“Pulp can move, baby!” Who would imagine a few inadvertent winks causing so much insanity? The subplot with Jerry trying to dodge mutton includes some prime lines — all you’ll want to do after watching The Wink is chow down on a full bird stuffed with ham, topped with gorgonzola. Kramer’s poster cat-and-mouse game with little Bobby wraps up beautifully with, “By the way, tomorrow night Paul O’Neill has to catch a fly ball in his hat.” This episode literally hits home runs.
8. The Soul Mate
Any episode featuring Newman as Cyrano de Bergerac belongs on your best-of list. If you like Newman, you love “Jerry wouldn’t know delicate beauty if it bludgeoned him over the head,” and one of my all-time favorites, “You really think you can manipulate that beautiful young women like the half-soused rabble that lap up your inane ‘observations’?” And George’s shoebox mockup of the briefcase mystery absolutely rocks, especially when Jerry tells him he’s the M&M man. Visual humor at its best.
9. The Bizarro Jerry
Arguably the best Seinfeld episode of all. Conceptually, how do you top a world of anti-Seinfelds? And on top of the Bizarro story, we have Kramer experiencing an entire business career in three days at Brand Leland, along with “Man Hands,” a woman Jerry describes as “a creature out of Greek mythology.” Virtually every detail of Bizarro is inspired, from the Dennis Franz poster in George’s bathroom to Kramer’s “I don’t even work here” exchange with Leland; from Elaine saying, “We already have a George,” to Jerry asking if the DJ booth is behind the bone saw. Top of the line comedy.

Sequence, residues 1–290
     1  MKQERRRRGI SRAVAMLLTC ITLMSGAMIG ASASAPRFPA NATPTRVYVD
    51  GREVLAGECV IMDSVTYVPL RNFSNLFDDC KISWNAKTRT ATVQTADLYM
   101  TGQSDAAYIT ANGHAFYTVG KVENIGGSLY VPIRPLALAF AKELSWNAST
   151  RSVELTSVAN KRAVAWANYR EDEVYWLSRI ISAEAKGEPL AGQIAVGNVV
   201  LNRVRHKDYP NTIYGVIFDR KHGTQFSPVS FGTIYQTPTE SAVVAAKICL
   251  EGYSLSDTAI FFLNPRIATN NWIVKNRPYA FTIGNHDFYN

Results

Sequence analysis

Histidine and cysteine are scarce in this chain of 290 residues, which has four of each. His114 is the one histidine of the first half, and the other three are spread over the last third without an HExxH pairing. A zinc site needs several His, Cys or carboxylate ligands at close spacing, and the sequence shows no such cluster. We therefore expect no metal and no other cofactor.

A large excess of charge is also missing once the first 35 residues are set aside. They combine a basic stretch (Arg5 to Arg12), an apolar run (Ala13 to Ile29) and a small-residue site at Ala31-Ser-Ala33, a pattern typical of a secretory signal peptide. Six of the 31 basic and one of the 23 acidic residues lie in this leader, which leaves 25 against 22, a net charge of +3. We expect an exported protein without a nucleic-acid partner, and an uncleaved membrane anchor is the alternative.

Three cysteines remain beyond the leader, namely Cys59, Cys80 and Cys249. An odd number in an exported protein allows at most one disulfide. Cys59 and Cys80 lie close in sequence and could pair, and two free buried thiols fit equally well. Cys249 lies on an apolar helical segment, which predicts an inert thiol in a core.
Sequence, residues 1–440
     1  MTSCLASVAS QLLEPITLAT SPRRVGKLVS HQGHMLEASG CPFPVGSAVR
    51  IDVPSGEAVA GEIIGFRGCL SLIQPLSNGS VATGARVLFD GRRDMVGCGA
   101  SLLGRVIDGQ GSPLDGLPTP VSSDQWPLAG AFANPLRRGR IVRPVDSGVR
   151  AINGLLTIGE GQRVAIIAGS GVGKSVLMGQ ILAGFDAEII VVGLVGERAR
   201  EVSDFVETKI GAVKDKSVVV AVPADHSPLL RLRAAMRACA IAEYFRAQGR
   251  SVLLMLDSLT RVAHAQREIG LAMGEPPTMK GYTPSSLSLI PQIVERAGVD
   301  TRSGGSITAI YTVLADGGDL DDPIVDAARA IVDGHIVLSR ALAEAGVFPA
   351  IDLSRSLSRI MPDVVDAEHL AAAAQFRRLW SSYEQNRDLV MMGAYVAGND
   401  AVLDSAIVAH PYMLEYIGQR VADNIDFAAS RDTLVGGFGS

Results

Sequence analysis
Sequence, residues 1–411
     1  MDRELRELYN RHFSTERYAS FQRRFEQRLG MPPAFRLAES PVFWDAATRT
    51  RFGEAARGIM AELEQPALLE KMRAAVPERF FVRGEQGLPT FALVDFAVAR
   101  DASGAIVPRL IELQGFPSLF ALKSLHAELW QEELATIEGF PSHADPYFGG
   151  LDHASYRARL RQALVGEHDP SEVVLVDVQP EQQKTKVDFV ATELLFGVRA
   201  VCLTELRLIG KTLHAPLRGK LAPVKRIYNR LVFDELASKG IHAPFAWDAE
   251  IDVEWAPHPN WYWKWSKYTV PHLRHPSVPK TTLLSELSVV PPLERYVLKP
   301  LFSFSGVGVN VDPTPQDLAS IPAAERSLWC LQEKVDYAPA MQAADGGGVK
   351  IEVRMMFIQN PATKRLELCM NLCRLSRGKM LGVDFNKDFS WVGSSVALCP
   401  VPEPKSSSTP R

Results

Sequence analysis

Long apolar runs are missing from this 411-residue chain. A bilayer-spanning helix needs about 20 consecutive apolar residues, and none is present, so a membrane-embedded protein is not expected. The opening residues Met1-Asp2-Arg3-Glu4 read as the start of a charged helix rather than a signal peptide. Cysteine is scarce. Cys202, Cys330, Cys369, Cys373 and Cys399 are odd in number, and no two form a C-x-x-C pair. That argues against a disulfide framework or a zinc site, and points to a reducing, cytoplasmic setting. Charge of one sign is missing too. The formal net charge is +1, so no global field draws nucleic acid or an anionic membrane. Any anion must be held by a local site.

10. The Chicken Roaster
Kramer and Jerry exchange apartments and personalities, making for great comedy, to say nothing of some of the series’ best acting. It’s hard to top Kramer mistaking tomato juice for milk, George waltzing into Monk’s with a gargantuan Russian hat (why didn’t you get the big one?), Newman trying to force down broccoli, and Elaine reenacting Apocalypse Now with Peterman. It’s all humor and no horror in this episode!
11. The Abstinence
George becomes a genius by abstaining from sex; when Elaine does the same, she turns into an idiot — incredible conceptual humor, solid scripting and standout acting. Simple lines like, “What is Borax,” and “Of course. Absolute zero!” kill, as does Elaine imbecilic clapping in front of the spinning tire display. Kramer’s lifetime of smoking subplot — “Look away, I’m hideous” — stands out as one of his best. The Abstinence is also noteworthy for Jerry’s relatively minor involvement.
12. The Merv Griffin Show
With Kramer setting up the actual Merv Griffin set in his apartment and taking on the personality of a talk show host, you have the perfect recipe for comedy and the writers cook up a script that lives up to the potential. The subplots with the Celia’s toy collection, Elaine’s sidler and George’s squirrel are especially strong, and skillfully interwoven. All in all, this episode is a showcase example of how Seinfeld turns an absurd concept into something believable… well, almost believable.
So there you have it — the 12 most hilarious Seinfeld episodes, start to finish. What do you think? With 180 total episodes, there is a lot to choose from. What episodes would be on your list? Which of mine would you knock off?
Featured image courtesy of vladeb via Creative Commons.